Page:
Our work is not to change what you do, but to witness what you do with enough awareness, enough curiosity, enough tenderness that the lies and old decisions upon which the compulsion is based become apparent and fall away. When you no longer believe that eating will save your life, when you feel exhausted or overwhelmed or lonely, you will stop. When you believe in yourself more than you believe in food, you will stop using food as if it were your only chance at not falling apart. When the shape of your body no longer matches the shape of your beliefs, the weight disappears. And yes, it really is that simple.

You will stop turning to food when you start understanding in your body, not just your mind, that there is something better than turning to food. And this time, when you lose weight, you will keep it off.

Truth, not force, does the work of ending compulsive eating.

Awareness, not deprivation, informs what you eat.

Presence, not shame, changes how you see yourself and what you rely on.

When you stop struggling, stop suffering, stop pushing and pulling yourself around food and your body, when you stop manipulating and controlling, when you actually relax and listen to the truth of what is there, something bigger than your fear will catch you. With repeated experiences of opening and ease, you learn to trust something infinitely more powerful than a set of rules that someone else made up: your own being.

It is now clear to me that as obese people, we have needed to overeat in order to cope with whatever we perceive to be our personal weaknesses or traumatic life situations. Throughout our lives, these have been entirely necessary and valid reasons for overeating. However, in most cases they are no longer necessary for us to survive in this moment. Furthermore, we must stop identifying ourselves as psychologically, emotionally, or psychically damaged individuals who require something massive to be fixed before we can take off this weight.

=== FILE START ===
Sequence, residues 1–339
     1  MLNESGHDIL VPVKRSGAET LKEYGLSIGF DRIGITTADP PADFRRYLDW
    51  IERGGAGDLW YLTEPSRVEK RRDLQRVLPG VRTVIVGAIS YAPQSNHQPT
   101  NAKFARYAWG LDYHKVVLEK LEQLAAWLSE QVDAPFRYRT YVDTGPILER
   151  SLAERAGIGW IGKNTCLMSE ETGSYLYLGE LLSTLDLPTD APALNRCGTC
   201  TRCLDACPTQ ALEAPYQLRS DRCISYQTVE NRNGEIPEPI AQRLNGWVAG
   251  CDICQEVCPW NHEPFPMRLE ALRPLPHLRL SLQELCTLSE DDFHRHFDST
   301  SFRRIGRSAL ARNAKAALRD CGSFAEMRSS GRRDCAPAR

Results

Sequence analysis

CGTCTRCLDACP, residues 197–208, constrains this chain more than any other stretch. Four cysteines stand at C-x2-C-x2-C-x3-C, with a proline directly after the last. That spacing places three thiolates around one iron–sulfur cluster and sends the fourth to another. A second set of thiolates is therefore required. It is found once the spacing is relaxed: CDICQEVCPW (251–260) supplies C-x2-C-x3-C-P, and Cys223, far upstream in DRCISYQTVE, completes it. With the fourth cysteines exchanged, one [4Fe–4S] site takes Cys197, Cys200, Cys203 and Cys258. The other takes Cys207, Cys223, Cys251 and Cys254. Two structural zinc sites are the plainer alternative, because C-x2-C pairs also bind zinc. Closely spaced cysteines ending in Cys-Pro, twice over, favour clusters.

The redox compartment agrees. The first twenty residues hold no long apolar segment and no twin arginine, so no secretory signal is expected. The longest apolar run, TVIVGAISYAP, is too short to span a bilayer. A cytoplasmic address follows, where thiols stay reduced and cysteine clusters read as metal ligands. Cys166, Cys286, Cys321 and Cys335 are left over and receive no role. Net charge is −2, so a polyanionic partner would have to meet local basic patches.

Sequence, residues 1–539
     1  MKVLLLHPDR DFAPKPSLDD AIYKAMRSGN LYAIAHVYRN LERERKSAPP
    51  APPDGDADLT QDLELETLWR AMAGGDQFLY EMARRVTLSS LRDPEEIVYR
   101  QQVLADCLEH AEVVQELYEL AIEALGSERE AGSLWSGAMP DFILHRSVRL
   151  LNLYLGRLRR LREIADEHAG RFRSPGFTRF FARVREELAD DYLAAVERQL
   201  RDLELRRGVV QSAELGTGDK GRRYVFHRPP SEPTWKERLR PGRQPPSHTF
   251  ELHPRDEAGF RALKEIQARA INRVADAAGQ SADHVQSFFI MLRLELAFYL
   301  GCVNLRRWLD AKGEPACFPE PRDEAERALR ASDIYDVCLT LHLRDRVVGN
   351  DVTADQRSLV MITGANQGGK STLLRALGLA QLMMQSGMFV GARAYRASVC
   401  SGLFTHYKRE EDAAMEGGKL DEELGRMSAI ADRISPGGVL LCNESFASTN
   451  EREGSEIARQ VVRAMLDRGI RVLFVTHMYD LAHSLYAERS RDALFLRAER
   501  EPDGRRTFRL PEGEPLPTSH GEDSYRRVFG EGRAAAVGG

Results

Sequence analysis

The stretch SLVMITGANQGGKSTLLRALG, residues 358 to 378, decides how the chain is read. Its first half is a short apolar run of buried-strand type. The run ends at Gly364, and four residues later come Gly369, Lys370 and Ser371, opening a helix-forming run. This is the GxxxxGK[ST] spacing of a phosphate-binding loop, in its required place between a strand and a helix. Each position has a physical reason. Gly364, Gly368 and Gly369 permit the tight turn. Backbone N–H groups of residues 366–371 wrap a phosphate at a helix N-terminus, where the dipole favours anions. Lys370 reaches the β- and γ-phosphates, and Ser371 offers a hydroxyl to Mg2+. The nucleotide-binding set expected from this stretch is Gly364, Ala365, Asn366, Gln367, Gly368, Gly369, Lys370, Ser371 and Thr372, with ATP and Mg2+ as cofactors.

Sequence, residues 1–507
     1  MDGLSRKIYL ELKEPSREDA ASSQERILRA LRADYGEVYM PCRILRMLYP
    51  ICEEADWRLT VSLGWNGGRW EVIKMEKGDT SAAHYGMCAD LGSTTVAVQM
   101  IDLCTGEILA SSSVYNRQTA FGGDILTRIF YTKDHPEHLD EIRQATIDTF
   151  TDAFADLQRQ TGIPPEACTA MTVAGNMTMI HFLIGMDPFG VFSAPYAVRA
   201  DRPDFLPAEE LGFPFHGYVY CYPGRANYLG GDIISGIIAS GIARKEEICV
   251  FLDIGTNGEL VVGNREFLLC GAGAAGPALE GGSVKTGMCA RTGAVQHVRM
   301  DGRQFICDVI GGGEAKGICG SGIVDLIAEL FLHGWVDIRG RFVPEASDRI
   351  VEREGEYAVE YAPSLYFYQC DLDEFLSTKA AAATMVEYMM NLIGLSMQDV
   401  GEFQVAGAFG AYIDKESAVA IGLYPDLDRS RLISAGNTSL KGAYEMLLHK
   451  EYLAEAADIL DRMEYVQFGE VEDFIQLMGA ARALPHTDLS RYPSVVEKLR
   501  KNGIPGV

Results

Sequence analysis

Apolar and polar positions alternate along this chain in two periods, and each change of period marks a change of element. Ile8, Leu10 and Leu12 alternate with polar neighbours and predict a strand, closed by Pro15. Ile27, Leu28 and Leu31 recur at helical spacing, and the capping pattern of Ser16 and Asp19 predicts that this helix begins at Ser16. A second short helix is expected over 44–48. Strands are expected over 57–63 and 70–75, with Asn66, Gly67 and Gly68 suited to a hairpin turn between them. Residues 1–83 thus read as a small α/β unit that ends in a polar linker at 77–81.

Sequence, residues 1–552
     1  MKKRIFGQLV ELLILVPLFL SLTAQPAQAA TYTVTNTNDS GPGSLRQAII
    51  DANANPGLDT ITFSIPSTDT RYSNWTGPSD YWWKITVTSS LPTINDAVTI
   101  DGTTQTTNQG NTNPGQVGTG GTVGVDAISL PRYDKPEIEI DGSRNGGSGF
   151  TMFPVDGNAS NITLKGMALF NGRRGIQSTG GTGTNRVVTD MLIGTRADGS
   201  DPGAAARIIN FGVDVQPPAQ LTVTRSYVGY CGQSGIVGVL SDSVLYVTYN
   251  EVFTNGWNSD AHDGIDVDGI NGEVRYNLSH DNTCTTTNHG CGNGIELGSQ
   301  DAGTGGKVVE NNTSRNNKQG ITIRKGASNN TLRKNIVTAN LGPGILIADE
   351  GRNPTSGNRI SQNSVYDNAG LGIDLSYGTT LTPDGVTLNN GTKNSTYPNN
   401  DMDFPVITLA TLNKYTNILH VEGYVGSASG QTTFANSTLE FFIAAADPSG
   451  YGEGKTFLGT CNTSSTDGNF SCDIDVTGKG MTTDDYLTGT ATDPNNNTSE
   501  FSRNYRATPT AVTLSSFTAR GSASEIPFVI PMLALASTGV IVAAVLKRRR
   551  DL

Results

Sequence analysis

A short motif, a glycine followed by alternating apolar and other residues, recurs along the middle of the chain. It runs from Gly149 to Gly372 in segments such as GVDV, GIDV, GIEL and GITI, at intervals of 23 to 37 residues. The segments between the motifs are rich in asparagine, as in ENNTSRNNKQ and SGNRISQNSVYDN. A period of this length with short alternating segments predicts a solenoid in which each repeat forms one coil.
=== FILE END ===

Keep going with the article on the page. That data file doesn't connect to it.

In fact, we are totally perfect just as we are. Once we recognize that and learn how to trust our own instincts about how to eat for the sake of our body’s health and nutrition (as opposed to how to eat mindlessly in order to numb ourselves from the pain or frustration we might feel each day), then the weight will come off naturally, and even relatively easily.

What’s most difficult about this kind of approach is that most of us are completely self-identified as deeply flawed individuals who must be on a restricted diet in order to become healthy. If we have been dieting for a significant number of years (or have felt that we must go on a diet in order to lose weight), then this self-identification has likely become deeply entrenched and will be difficult to overcome. But it is absolutely possible to do it if we can learn how to invest unwavering trust in ourselves and in our own sound judgment. Admittedly this is not easy to do; especially if we have spent our lives telling ourselves that we have no self-control over our eating and that we will never be able to change.

One Comment

  1. Christine Clark
    Christine Clark

    Can’t wait to get there! I like that quote.

    Tue Feb 14th 2012
    |Reply